DALLAS - Republican lawmakers in Texas are working to make good on Gov. Greg Abbott's request to turn his emergency order banning vaccine mandates into law.
A new bill filed in the State Senate aims to require companies to provide an exemption for people who don't want a vaccine for reasons as simple as someone's "conscience."
Medical professionals argued that vaccines work and can keep workers safe. Supporters of the bill argued mandates are a form of "discrimination."
There could be some tough decisions for companies if this becomes law.
HOUSTON, TX - A health-care worker receives the Moderna COVID-19 vaccine at the United Memorial Medical Center on December 21, 2020 in Houston. (Photo by Go Nakamura/Getty Images)
With just days to go in this third special session, lawmakers in the Texas Senate took up a newly filed bill drafted two days ago as part of Gov. Abbott’s plan announced Monday to expand a ban on vaccine mandates.
Senate Bill 51 would ban COVID vaccine requirements in elementary and secondary schools. It would also ban public and private universities from requiring the vaccine.
It would also require employers to allow people to claim an exemption from a COVID-19 vaccine, whether that be a medical condition, religious belief or "reasons of conscience."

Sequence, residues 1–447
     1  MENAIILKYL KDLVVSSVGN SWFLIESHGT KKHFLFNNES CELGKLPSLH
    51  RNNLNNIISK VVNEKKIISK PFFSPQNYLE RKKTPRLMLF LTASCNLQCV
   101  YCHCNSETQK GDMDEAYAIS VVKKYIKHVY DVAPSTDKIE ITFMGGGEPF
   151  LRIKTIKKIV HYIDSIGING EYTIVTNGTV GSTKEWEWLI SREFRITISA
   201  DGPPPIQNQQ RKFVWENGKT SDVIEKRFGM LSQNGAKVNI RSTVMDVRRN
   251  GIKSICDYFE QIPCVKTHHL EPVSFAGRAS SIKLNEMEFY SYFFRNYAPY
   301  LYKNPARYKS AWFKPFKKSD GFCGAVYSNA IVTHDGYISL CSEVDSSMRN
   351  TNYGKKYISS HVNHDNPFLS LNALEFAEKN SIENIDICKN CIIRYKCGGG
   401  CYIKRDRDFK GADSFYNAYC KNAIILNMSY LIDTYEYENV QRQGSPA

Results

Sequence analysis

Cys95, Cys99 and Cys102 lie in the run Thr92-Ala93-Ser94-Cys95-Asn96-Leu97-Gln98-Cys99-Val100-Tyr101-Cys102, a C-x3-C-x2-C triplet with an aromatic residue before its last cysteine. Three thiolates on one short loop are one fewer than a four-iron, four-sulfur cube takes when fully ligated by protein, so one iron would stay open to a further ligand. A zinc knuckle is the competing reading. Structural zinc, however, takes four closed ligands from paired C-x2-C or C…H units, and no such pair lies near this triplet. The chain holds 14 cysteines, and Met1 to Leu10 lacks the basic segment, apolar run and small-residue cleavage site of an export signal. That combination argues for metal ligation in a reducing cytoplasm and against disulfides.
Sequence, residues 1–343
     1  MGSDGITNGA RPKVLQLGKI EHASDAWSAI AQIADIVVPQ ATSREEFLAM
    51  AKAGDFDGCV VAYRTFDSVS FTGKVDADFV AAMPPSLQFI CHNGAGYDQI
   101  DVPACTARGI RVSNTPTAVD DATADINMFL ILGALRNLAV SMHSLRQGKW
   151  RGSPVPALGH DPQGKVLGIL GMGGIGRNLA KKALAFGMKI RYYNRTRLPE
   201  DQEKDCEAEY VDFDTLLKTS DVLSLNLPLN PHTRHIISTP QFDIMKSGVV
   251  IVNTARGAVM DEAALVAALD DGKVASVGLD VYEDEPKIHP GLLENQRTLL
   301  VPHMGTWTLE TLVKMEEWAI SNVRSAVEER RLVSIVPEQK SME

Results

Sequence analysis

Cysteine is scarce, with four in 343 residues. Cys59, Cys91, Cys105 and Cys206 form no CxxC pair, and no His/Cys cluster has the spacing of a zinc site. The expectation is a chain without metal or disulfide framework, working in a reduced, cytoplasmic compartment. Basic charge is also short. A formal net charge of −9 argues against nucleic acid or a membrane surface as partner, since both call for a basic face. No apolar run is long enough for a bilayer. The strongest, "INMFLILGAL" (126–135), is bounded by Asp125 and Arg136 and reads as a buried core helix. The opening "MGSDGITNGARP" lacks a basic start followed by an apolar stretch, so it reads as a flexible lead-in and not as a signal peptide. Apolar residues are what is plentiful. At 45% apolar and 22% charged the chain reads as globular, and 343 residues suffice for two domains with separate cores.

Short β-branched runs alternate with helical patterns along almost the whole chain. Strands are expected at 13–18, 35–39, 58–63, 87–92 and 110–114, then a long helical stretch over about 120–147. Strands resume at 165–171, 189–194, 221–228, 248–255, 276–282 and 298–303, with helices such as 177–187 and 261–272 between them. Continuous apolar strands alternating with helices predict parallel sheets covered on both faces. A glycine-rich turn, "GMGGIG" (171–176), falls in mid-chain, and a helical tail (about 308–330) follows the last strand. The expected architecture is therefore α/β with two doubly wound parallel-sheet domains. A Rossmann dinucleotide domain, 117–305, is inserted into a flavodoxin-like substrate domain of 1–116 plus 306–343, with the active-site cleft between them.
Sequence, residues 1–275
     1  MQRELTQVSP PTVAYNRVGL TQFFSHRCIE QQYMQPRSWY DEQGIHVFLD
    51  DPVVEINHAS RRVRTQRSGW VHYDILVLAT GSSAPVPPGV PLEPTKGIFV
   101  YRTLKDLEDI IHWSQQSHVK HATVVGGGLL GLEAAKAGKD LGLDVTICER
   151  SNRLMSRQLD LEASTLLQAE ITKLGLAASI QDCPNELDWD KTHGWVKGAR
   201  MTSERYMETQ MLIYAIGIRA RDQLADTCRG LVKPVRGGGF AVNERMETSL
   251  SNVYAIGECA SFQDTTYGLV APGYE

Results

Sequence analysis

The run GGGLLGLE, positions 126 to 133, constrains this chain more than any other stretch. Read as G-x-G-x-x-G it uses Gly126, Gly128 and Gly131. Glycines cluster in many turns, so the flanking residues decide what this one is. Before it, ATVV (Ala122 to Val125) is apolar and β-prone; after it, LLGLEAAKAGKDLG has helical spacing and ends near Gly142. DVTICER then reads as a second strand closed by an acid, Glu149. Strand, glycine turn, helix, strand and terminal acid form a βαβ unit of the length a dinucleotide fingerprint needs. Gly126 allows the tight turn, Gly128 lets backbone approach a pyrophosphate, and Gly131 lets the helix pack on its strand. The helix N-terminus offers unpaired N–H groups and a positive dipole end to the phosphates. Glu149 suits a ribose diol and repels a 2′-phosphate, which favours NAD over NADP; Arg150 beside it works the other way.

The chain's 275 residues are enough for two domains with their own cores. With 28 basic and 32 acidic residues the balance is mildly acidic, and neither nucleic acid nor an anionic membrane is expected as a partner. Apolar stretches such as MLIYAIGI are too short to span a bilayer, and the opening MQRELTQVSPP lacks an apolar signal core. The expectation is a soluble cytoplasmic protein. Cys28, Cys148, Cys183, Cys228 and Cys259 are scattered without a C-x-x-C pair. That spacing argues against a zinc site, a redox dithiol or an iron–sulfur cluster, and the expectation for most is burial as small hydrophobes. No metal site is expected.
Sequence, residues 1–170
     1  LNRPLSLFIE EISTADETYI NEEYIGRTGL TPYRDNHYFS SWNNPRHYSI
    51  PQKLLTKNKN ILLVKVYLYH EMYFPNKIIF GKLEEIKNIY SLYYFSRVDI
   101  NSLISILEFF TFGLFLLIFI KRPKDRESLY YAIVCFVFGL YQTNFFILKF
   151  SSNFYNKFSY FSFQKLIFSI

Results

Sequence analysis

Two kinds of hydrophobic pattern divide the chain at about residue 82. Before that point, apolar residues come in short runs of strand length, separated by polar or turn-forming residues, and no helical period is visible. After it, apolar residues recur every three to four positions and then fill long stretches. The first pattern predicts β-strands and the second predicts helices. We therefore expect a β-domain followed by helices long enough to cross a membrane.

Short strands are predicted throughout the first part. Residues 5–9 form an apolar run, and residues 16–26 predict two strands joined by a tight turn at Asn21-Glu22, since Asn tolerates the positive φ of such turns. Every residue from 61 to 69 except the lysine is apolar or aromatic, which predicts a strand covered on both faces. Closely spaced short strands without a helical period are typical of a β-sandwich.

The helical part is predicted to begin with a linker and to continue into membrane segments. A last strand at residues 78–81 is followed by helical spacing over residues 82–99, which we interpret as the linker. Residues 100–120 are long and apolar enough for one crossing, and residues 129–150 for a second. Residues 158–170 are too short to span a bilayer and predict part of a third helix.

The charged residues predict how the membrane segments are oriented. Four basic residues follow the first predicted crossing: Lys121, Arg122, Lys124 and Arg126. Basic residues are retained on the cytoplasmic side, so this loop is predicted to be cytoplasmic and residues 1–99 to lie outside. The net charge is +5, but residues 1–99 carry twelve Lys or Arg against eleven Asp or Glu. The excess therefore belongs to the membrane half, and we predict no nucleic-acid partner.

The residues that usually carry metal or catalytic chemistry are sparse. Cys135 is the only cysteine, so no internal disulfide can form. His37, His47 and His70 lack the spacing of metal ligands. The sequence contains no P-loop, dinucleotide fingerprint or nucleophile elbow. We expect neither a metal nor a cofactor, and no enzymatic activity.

"We might say that we have a clash of rights," said State Sen. Bryan Hughes (R-Tyler). "Employers and business leaders have a right to run their businesses as they see fit. We also recognize that individuals have rights to make those important medical decisions."
Among those testifying were those with personal stories of how vaccine mandates have impacted them.
"While my career means everything to me, I’m an American and I’m a mother first," said Elizabeth Priestly Siffert, who is against the mandate. "I have the right to work and the right to feed my child."
There was also testimony from doctors representing the statewide medical associations who spent time defending the science that vaccines are effective and safe.
"As many studies as you have quoted in this direction, there are many studies in the opposite direction," said Dr. John Carlo with the Texas Medical Association. "I happen to believe based on what we’ve seen so far that transmission for COVID is reduced when you receive the vaccine."
But the discussion wasn’t just about clashing ideologies. It was also about the state clashing with the feds.
President Biden ordered businesses with 100 or more employees to require they be vaccinated or tested for the virus regularly. It's a rule that would be enforced by OSHA, the agency tasked with setting safety standards in businesses. For federal contractors, there is no testing option.
Some fear healthcare providers could have to decide between funding and violating state law.
"It’s really going to put hospitals between a rock and a hard place," said Steve Wohleb with the Texas Hospital Association. "Their choice is going to be don’t comply with the federal mandate and potentially risk all Medicare funding and be kicked out of the Medicare program, which is game over and the doors close at that point, or institute the vaccine mandate and potentially be in violation of state law."
For now, North Texas-based American and Southwest Airlines state the vaccine mandates will stick because they're federal contractors.
The State Affairs Committee approved the bill Thursday night. It now heads to the full Senate.
The special session is set to end Tuesday.